It’s Almost Ready

Shipping great software to lots of people is hard. At Mozilla we talk about shipping only “when it’s ready,” and the devotion our community has to Firefox users, and to shipping them a high quality product, is unlike anything I’ve seen elsewhere. We answer to no one but you.

“When it’s ready” doesn’t mean we can take our time, though. Firefox 4 is good for the web, good for our users, and puts the heat on other vendors to up their own game. We need to ship it ASAP – we want release candidates in weeks, not months. And that means a hard look at our blocker list.

Blocker bugs have a rank order. If you can’t have all of them, there are some you’d want more than others, even though every single one of them is a bug we want to fix. That’s healthy. Building software means making those calls. Each bug is evaluated against whether it’s worth holding back the thousands of fixes that have already made it into the Firefox 4 tree. At this point, very few bugs are worth holding back that much awesome.

Hard vs. Soft Blocking1

To that end, then, if you watch bugzilla, you’ve seen blocker bugs sprouting one of two new whiteboard labels:

  • [hardblocker] – These bugs prevent us from shipping. We’ll hold the release for the very last one of them. A hard blocker is a failure of a core part of our release criteria, e.g. a crash, a memory leak, a performance hit, a security issue, a UI breakage that can’t be recovered from, an incompatibility we can’t stomach.
  • [softblocker] – These bugs are things we want to fix as soon as possible, but can ship with if the hard blockers are done. They can be fixed in maintenance releases if needed, or in Firefox 5 which, remember, is not so very far away. Soft blockers might include visual polish, strange edge cases, optional aspects of new specs, or opportunistic performance wins.

Hard blockers trump everything. That doesn’t mean they are the only things that will get fixed – indeed we hope and expect many of our soft blockers to make it in as well. We didn’t clear their blocking flags, they are still legit work items and have landing pre-approval. Soft blockers are what beltzner calls the “opportunity space” – the work that lifts the quality and delight of the product. But we have to make the hard calls, and soft blockers are second priority to shipping. People paid to work on Firefox will be focusing exclusively on hard blockers, first.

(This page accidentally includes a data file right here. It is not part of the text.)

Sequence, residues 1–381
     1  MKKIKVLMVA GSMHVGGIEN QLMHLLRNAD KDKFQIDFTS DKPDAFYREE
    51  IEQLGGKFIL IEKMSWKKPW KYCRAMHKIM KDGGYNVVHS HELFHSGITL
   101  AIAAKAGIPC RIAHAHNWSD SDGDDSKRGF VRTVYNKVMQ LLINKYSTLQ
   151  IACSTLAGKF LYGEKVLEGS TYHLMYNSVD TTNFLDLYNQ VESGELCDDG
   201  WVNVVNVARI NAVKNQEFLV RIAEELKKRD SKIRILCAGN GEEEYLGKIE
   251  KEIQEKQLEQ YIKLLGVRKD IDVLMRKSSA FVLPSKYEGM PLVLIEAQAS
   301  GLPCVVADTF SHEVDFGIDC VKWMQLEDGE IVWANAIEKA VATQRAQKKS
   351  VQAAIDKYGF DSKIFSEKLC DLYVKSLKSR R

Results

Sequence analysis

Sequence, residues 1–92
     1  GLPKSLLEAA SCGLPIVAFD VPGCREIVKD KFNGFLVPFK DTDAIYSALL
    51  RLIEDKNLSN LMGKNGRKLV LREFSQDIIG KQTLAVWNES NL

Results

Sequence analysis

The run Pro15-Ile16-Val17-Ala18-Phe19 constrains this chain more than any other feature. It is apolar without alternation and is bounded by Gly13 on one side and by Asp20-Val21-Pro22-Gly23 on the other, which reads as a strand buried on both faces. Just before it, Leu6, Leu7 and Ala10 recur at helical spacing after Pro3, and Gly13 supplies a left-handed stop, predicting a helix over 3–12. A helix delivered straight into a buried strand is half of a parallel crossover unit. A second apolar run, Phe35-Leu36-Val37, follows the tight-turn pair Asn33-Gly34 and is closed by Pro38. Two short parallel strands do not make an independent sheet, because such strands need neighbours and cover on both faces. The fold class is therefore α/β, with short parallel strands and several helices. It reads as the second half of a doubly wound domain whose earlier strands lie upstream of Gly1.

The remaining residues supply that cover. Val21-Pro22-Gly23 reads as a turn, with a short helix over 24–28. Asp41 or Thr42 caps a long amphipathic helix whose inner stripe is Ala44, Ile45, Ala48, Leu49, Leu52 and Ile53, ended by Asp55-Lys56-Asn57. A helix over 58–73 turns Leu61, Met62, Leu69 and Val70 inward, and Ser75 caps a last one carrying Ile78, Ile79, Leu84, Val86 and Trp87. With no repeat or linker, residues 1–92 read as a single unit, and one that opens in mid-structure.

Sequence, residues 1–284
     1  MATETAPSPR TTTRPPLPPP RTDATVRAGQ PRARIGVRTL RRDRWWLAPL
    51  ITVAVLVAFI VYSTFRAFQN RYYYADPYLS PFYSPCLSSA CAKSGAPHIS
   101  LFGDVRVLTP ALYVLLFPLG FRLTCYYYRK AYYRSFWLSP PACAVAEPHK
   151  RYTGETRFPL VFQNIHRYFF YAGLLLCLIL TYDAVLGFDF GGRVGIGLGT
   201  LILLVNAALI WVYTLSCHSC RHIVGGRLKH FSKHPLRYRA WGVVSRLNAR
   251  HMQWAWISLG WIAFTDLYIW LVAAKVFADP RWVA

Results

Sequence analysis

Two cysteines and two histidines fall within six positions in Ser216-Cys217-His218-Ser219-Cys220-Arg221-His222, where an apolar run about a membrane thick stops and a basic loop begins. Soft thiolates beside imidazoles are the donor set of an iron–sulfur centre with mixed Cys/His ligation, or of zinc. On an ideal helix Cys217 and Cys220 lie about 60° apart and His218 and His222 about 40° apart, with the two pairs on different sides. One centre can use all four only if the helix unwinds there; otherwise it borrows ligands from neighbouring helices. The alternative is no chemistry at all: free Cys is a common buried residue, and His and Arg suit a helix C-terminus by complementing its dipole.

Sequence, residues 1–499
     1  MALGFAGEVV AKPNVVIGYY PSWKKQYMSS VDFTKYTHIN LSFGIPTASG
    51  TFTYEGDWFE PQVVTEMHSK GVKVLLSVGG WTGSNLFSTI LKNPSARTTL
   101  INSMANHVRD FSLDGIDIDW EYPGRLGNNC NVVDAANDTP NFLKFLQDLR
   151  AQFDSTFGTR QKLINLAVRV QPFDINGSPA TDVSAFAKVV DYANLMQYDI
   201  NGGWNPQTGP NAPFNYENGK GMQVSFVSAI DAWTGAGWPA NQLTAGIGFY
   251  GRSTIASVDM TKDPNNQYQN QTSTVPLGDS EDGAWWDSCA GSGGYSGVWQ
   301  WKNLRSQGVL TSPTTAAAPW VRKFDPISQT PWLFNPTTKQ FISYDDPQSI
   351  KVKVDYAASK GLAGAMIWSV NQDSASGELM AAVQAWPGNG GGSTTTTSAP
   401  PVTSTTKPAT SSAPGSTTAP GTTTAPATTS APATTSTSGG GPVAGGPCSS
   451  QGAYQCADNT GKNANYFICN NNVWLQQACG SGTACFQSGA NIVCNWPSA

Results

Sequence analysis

The hard blocker list is currently at 143. When it hits 0, we can ship. Let’s kill it dead.

[1] Inevitably, when we do a pass like this, someone will want to digress into a thread about nomenclature. “Why are they blockers if they don’t block?” “Are there hard soft blockers, or soft hard blockers?” I love the creativity of our community, but I think it’s a distraction right now, and I’d suggest to you that we have more interesting problems to solve in the next little while!

21 comments

  1. [...] the meantime, Mozilla’s leadership continues to tell its developers that Firefox 4 will ship when it’s ready, but development should be [...]

  2. Richard Whitehouse

    Given that a blocking bug is one preventing release, you’ve just renamed blocking bugs as hard blocking and created a new level of critical bugs called soft blocking.

    This probably has stemmed from not enough over sight as to what counts as a blocking bug.

  3. What happened to the wanted+ flag? That sounds like what softblocker is now.

  4. Michael Lefevre

    Not sure if it will actually happen in the end, but the current criteria seem to have gone from one extreme to the other.

    “a performance hit”

    Well, some types of performance hit. Some smaller performance regressions since 3.6 are apparently not hard blockers…

    “a UI breakage that can’t be recovered from”

    And broken UI that the user can work around is ok. The users will be so impressed with panorama they won’t mind stuff like the browser popping up sync failure messages every couple of minutes and dialogs where the content doesn’t fit…

  5. I think you guys need to be a little careful.

    There doesn’t seem to be all that much difference between what previously defined a blocker, and this new [hardblocker] identifier. It also seems to cover a basket of various unrelated bug types.

    It seems very optimistic for you to be able to fix 143 “hard” blocking bugs in a little over a month – unless most of them are fixed correctly the first time without regressing, lol.

    Performance regressions and the seemingly still present “not responding” states that the javascript engine goes into (doesn’t crash) are all over the Input channel. A typical user isn’t going to tolerate these and will just switch to the C word. :-(